Treatment with datopotamab deruxtecan led to a statistically significant and clinically meaningful improvement in progression-free survival in patients with metastatic hormone receptor-positive breast cancer.
Treatment with datopotamab deruxtecan (Dato-DXd) demonstrated a statistically significant and clinically meaningful improvement in progression-free survival (PFS), compared with chemotherapy, in patients with hormone receptor-positive, HER2-low or -negative metastatic breast cancer, according to data from the pivotal phase 3 TROPION-Breast01 trial (NCT05104866) presented at ESMO Congress 2023.1,2
“Overall results support Dato-DXd as a potential new therapeutic option for patients with metastatic hormone receptor-positive breast cancer,” Aditya Bardia, MD, MPH, director of breast cancer research and medical oncology, Massachusetts General Hospital Cancer Center, and associate professor at Harvard Medical School, Boston, said during a presentation of the data.
Median PFS with Dato-DXd was 6.9 months (95% CI, 5.7-7.4), compared with 4.9 months (95% CI, 4.2-5.5) with investigator’s choice of chemotherapy (ICC), reducing the risk for disease progression by 37% (HR, 0.63; 95% CI, 0.52-0.76; P < .0001) and meeting the trial’s co-primary end point.
“After a small initial drop, there's a separation between the curves in favor of Dato-DXd, [PFS is] maintained over time and, if anything, increases over time,” Bardia said, adding that the 9-month PFS rates were almost double with Dato-DXd, compared with ICC. The 6-, 9-, and 12-month PFS rates with Dato-DXd were 53.3%, 37.5%, and 25.5%, respectively, compared with 38.5%, 18.7%, and 14.6% with ICC.
PFS benefit was seen across all subgroups, including age, race, ECOG performance status, geographic region, number of previous lines of chemotherapy, prior use of CDK4/6 inhibitors, and prior use of taxane and/or anthracyclines.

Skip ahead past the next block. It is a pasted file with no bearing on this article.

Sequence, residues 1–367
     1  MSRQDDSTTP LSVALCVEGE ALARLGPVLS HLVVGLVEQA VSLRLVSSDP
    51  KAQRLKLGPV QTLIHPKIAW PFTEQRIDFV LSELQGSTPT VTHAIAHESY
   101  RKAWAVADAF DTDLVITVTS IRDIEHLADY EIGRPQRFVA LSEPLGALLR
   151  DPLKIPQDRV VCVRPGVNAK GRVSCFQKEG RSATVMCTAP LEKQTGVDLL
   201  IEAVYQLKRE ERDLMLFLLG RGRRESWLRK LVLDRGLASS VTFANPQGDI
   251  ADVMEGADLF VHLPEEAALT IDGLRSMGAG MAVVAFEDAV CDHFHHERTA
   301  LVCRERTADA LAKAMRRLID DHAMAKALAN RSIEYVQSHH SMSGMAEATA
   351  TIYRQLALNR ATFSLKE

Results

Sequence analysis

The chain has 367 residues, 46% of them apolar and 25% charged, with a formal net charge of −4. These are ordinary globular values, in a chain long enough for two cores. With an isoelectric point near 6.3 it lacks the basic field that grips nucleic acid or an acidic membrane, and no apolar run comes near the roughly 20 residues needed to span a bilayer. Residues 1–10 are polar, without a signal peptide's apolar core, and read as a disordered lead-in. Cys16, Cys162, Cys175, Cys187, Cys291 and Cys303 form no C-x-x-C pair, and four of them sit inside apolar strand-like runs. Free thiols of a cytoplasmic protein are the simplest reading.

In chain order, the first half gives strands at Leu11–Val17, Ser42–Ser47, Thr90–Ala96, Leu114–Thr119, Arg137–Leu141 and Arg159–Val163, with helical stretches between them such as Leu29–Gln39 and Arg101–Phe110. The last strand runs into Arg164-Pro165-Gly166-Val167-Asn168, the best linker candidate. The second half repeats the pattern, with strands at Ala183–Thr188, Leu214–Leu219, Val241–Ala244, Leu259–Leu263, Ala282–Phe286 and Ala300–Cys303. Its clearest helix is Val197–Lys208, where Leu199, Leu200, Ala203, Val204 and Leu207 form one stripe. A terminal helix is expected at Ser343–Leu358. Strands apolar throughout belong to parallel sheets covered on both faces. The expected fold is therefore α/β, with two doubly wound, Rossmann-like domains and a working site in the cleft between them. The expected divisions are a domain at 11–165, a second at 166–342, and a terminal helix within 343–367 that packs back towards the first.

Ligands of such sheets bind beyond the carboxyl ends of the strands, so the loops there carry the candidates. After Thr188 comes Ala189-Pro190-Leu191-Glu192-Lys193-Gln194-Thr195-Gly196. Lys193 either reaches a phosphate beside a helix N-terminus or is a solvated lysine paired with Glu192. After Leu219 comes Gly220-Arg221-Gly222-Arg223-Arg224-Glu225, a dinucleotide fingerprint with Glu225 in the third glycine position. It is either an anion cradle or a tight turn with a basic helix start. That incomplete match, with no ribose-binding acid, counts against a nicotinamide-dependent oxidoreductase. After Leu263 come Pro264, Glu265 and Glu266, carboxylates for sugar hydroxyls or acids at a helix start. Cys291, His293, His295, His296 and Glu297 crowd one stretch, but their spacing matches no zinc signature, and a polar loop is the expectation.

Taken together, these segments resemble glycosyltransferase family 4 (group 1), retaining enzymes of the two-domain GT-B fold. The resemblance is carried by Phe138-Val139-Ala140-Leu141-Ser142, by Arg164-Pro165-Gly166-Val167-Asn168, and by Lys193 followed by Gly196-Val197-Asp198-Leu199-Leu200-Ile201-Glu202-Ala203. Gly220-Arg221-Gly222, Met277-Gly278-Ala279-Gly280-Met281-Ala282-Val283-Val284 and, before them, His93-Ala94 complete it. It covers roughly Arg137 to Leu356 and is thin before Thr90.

Objective response rate was also superior with Dato-DXd at 36.4%, including 0.5% of complete responses (CRs), compared with 22.9% in the ICC arm, which had no CRs.
While the overall survival (OS) data are not mature at a median follow-up of 9.7 months, there was a trend that favored Dato-DXd over ICC (HR, 0.84; 95% CI, 0.62-1.14). “The study is continuing to the next planned analysis for overall survival,” Bardia added.
Median treatment duration was 6.7 months in the Dato-DXd arm and 4.1 months in the ICC arm.
After a median follow-up of 10.8 months, 93 patients in the Dato-DXd arm and 39 in the ICC arm were still ongoing with study treatment. In both arms, patients discontinued treatment as a result of progressive disease (267 vs 240), AEs (11 vs 10), patient decision (13 vs 32), death (2 vs 7), or other (12 vs 23).
“Two important points to note in this slide. The first is that as of data cutoff, approximately 3 times the number of patients are still on Dato-DXd, as compared to the standard chemotherapy arm. And second is that majority of patients who discontinued the study had disease progression,” Bardia said.
Treatment-related adverse events (TRAEs) occurred in 94% and 86% of the Dato-DXd and ICC groups; however, the rate of grade 3 or higher TRAEs was less than half with the TROP2-directed antibody-drug conjugate (ADC) vs ICC (21% vs 45%, respectively).
TRAEs led to dose reductions in 21% of the Dato-DXd arm, compared with 30% in the ICC arm, dose interruptions in 12% and 25%, respectively, and treatment discontinuation in 3% of each arm. One patient death occurred in the ICC group. Serious TRAEs occurred in 6% of the Dato-DXd arm and 9% of the ICC arm.
Bardia highlighted that most TRAEs were grade 1 or 2. In the Dato-DXd and ICC arms, TRAEs included anemia (11% vs 20%, respectively), neutropenia (11% vs 42%), dry eye (22% vs 8%), nausea (51% vs 24%), stomatitis (50% vs 13%), vomiting (20% vs 8%), constipation (18% vs 9%), fatigue (24% vs 18%), and alopecia (36% vs 21%). Bardia noted that 1 patient with oral mucositis/stomatitis and 1 patient with dry eye led to treatment discontinuation in the Dato-DXd group; however, adjudicated drug-related interstitial lung disease rate rates were low and mostly grade 1 or 2 in this arm.